Toronto Metropolitan University
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Toward a Motor Theory of Melodic Perception

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conference contribution
posted on 2024-03-21, 19:02 authored by Lola L. Cuddy, Frank RussoFrank Russo

Narmour's (1990) implication-realization theory postulates a set of bottom-up principles for melodic expectancy operating independently of tonality. Narmour describes two successive notes as an "implicative interval" that generates a set of melodic expectancies for a third note. The third note forms with the second note a "realized interval" that may fulfil or violate the expectancy. The set of principles has been quantified for empirical testing by Krumhansl (1995). Krumhansl describes predictions from each principle as follows: 1) Registral Direction predicts that small intervals imply a continuation in the same direction while large intervals imply a continuation in the reverse direction; 2) Intervallic Difference predicts that small intervals imply a realized interval of similar size while large intervals imply a realized interval of smaller size; 3) Registral Return predicts a general implication to return to the pitch region of the first note of the implicative interval; 4) Proximity predicts a general implication for small intervals; 5) Closure is realized when (a) pitch contour changes, and/or (b) when a large interval is followed by a smaller interval. Several experimental studies have tested the predictions. Cuddy &;Lunney (1995) presented listeners two-note contexts, followed by a third note and collected judgments of how well the third note continued the two-note context. Results supported all principles with the exception of closure. Krumhansl (1995) presented melodic fragments and collected judgments of continuity for a note following the fragment. Results supported all principles. Thompson, Cuddy, &;Plaus (1997) asked participants to use a piano keyboard to create a melodic continuation for a two-note context. Results of analysis of the first continuation note following the two-note context supported all principles. These and other related studies lead to questions about the source(s) of these expectancies. A new hypothesis is proposed: the principles are rooted in vocal production constraints. More specifically, the perception and composition of both vocal and instrumental melodies may be influenced by vocal constraints. Preliminary evidence is presented supporting the relation between vocal constraints and melodic expectancy. Twelve participants (4 with no music training, 4 with non vocal music training, and 4 with vocal music training) were asked to sing three-note melodic sequences. All sequences were transposed into each singer's comfortable range. Three methods of analysis were used to assess singing accuracy: 1) expert judges' assessment of singing errors; 2) singers' assessment of difficulty; 3) fundamental-frequency analysis of singing errors. Results from all analyses and across training levels converged to suggest that singing accuracy was related both to 1) degree of fulfilment of the principles as quantified by Krumhansl, and 2) perceptual expectancy as quantified by listeners' judgements in previous empirical studies. This evidence supports the notion that vocal constraints are a plausible origin of the principles. It urges further experimental scrutiny of concerns and issues arising from the motor theory.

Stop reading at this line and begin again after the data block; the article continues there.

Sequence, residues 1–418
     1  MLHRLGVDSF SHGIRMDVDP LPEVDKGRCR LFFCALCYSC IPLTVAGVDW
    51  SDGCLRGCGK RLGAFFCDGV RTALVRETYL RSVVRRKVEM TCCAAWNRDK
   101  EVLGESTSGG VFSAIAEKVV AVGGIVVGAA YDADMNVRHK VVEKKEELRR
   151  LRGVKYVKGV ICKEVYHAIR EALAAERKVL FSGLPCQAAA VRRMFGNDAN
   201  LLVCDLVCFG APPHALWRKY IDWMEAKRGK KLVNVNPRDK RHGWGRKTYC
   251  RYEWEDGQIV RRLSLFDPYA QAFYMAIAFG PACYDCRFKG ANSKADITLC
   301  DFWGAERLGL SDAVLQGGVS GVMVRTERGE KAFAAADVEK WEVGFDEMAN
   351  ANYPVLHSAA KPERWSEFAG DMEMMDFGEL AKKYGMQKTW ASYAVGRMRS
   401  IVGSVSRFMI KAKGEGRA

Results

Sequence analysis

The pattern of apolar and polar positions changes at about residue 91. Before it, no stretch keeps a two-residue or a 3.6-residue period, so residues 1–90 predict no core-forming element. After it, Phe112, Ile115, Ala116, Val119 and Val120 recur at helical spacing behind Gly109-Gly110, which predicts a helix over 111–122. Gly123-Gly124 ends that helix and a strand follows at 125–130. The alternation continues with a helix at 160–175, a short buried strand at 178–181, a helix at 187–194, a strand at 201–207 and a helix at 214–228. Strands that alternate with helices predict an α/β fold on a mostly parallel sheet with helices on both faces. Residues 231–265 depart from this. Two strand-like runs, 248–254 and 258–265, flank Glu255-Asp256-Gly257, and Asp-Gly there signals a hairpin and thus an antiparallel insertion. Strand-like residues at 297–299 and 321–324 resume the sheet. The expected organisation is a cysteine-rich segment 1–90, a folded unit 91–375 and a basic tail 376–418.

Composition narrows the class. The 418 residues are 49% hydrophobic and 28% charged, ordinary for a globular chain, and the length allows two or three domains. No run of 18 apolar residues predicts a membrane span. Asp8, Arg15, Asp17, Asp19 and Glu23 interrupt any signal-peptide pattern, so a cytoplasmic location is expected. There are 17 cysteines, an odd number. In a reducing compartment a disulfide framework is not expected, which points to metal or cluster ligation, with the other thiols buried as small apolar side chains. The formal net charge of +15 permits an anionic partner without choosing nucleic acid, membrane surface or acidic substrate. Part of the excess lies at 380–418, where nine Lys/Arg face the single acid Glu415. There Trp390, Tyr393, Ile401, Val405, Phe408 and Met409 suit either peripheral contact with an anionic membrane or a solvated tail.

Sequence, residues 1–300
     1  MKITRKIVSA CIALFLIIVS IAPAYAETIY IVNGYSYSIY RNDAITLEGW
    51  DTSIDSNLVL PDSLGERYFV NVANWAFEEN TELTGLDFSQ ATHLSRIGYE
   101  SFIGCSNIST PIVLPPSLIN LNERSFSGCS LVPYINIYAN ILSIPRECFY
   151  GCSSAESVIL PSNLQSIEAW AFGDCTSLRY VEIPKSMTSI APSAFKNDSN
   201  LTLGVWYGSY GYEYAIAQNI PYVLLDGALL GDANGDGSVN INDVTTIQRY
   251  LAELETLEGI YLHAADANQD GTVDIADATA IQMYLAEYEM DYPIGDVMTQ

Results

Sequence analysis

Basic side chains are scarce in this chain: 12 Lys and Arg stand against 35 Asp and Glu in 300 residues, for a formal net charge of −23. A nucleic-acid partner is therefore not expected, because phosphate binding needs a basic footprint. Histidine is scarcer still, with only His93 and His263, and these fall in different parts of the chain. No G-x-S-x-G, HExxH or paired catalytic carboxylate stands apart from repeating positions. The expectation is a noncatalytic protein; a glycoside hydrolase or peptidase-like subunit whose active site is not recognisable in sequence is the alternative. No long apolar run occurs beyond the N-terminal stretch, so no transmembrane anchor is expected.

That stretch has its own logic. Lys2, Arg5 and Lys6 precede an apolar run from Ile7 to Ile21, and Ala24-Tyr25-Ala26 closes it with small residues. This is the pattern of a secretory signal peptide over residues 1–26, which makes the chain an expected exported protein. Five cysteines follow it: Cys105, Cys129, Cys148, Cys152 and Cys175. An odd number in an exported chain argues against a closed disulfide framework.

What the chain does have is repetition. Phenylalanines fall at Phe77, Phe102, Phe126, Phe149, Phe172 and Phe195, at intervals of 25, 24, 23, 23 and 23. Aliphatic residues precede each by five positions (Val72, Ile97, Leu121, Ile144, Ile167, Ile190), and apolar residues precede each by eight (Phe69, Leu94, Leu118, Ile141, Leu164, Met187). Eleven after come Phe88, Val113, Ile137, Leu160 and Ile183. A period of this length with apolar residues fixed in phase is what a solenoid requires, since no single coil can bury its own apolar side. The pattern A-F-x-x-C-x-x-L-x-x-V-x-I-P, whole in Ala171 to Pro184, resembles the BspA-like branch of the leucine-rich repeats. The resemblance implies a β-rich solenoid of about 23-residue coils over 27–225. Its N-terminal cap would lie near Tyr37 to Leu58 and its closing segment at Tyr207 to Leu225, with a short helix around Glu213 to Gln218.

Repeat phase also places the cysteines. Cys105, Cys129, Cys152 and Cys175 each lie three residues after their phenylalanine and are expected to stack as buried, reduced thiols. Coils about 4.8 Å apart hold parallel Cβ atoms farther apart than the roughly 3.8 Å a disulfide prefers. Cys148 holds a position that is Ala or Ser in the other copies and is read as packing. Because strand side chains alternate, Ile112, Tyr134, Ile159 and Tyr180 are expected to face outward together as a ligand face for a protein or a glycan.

Musical Cognition and Behavior Relevance for Music Composing, La Sapienza, Rome, Italy (May, 1998)



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